PHP Splice into an associative array


Seb Toombs

May 5 2020 ()

2 min read

For those of use with maybe more experience in nicer (don't @ me 😎🙉) languages like Javascript, splicing into an associative array in PHP may seem a little challenging.

In javascript, we could simply call array.splice and specify our index and offset and it would work. Javascript doesn't care that it's an associative array (object) or and indexed array, it just works.

PHP is a bit more complicated. Indexed arrays and associative arrays are fundamentally different.

It's ok though there's a pretty easy way to do it. And I've made a little helper function to wrap it up;


 * array_splice_assoc
 * Splice an associative array
 * Removes the elements designated by offset & length and replaces them
 * with the elements of replacement array
 * @param $input array
 * @param $key string
 * @param $length int
 * @param $replacement array
function array_splice_assoc($input, $key, $length, $replacement=array()) {
  // Find the index to insert/replace at
  $index = array_search($key, array_keys($input));
  // How do we handle the key not existing in the array?
  // Up to you. In my case I'm going to return the original array
  // But you might want to return false, throw an error etc
  if($index === false) {
    return $input;
  // We're going to create 3 slices of the array
  // the 'before' slice, before our $key
  // the $replacement slice
  // the 'after' slice, after our $key
  //This could easily be done all in 1 line, but I've split it out for readability
  $before_slice = array_slice($input, 0, $index);
  $after_slice = array_slice($input, $index+$length);
  return array_merge($before_slice, $replacement, $after_slice);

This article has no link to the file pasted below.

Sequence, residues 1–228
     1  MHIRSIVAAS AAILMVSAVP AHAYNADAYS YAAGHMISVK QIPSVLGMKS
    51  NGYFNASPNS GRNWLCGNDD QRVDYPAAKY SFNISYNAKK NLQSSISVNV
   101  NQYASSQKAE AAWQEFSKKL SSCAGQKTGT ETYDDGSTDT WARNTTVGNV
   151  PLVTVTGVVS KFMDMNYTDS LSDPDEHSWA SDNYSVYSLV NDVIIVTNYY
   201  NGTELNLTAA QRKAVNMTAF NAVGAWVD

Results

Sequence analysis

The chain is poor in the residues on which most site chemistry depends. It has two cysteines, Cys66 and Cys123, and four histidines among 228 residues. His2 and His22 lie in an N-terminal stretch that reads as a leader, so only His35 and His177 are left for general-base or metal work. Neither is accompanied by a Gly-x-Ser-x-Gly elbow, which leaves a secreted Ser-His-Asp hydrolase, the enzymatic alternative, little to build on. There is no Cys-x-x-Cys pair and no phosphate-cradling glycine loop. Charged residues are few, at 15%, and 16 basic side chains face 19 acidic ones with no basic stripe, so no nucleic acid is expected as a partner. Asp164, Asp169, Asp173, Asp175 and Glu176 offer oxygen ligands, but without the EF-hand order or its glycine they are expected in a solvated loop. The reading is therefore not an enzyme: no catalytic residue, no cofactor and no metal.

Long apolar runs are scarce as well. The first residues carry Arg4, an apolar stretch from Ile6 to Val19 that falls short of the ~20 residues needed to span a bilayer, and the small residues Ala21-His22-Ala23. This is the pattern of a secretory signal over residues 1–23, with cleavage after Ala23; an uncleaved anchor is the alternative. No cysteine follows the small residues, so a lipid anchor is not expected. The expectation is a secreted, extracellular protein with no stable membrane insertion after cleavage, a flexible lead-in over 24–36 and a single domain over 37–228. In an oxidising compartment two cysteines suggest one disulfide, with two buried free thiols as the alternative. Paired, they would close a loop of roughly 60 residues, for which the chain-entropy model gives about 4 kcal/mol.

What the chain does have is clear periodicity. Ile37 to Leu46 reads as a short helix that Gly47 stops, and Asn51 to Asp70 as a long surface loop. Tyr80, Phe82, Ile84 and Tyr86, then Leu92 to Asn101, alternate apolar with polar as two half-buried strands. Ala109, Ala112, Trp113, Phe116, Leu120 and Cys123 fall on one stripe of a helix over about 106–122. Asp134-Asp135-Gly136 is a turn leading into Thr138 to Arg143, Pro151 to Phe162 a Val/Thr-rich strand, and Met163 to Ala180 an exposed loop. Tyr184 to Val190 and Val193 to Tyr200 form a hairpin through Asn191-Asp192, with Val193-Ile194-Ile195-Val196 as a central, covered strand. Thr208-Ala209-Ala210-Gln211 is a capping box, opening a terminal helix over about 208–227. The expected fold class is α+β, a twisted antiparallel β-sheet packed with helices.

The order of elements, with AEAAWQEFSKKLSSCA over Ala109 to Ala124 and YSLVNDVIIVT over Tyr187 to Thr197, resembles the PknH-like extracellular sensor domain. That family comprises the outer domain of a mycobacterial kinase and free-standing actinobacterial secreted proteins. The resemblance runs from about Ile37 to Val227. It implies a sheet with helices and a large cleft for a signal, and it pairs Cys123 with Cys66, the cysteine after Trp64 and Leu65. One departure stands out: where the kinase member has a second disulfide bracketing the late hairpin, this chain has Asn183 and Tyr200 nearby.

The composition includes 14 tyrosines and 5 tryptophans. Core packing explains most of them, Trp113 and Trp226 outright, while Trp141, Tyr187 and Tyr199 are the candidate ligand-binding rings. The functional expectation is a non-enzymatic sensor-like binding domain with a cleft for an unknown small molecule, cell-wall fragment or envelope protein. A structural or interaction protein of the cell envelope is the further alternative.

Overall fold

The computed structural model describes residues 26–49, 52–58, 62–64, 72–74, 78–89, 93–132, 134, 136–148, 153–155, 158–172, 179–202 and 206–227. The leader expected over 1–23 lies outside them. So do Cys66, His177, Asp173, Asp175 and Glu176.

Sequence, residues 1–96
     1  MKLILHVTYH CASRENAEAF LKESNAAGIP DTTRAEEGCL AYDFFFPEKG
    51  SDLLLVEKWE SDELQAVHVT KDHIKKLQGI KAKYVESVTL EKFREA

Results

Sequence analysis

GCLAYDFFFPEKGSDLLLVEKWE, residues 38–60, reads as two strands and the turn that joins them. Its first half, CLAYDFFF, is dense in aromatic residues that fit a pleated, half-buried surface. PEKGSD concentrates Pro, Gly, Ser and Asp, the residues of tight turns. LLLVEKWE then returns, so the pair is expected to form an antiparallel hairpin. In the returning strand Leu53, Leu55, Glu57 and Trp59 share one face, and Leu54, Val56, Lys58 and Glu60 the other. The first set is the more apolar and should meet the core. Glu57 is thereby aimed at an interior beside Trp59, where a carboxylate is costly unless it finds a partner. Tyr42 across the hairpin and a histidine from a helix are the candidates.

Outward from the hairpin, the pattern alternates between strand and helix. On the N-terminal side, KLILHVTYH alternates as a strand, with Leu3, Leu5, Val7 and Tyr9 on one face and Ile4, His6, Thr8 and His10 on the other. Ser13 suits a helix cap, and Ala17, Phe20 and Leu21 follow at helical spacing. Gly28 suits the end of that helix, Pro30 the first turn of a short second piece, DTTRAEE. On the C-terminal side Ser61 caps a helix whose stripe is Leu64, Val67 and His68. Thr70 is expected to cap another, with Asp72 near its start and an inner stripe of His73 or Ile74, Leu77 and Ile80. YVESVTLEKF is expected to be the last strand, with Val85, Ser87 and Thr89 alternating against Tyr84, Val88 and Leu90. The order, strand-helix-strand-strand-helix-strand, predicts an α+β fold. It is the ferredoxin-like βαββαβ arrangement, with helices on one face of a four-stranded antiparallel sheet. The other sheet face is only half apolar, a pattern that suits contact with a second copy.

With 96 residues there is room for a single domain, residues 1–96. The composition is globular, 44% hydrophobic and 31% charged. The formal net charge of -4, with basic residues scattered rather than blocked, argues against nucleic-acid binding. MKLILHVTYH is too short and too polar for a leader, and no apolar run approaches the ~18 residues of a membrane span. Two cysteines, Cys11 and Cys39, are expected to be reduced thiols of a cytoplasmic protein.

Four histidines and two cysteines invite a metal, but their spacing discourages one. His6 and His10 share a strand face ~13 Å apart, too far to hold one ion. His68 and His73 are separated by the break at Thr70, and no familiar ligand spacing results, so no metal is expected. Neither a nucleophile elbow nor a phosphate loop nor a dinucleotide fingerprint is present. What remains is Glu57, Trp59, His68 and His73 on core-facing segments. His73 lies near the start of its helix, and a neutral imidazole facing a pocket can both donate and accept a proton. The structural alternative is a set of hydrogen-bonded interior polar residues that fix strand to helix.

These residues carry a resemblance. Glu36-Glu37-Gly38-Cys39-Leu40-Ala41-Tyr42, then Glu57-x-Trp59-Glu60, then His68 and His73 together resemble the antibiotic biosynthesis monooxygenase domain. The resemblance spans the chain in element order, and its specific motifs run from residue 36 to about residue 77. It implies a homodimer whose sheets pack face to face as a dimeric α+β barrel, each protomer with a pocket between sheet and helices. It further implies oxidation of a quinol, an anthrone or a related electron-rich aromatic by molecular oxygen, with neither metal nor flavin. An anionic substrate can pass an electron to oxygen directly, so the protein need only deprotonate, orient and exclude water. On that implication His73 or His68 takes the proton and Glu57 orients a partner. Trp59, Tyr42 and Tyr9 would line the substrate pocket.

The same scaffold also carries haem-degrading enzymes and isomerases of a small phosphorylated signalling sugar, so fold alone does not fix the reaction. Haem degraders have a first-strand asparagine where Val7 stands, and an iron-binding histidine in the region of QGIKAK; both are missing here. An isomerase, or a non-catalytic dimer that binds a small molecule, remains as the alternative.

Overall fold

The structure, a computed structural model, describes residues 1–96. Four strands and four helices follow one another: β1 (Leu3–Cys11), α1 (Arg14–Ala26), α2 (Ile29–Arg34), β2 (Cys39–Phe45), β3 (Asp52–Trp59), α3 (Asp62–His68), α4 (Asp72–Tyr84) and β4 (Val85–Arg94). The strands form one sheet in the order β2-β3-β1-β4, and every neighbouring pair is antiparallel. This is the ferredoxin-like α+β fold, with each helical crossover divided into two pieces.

How it works

I've modelled this helper function on the built in array_splice method, with the key difference being the second parameter which is now a string key rather than a numeric index.

With the given string key, we can then search the keys of the associative array for the index corresponding to this key.

If we don't find the index in the array, simply return the original input array. (This part is sort of a choose-your-own-adventure. You might want to return false or an error instead.)

With the index in hand, we can now effectively slice up our associative array into 3 pieces;

  • The "before" slice, before our key's index
  • The replacement slice
  • The "after" slice, after our key's index, plus the length

Finally, all that remains is to merge the three elements together, in order, using array_merge.

And that's it!

Note that in the built in array_splice method, the $length and $replacement parameters are optional. This could be replicated, but let's be honest it's not really valuable.

Also note that in the real world, the length parameter is probably useless in an associative array. The most likely use case for this function is to insert a new member into a specific position in the array.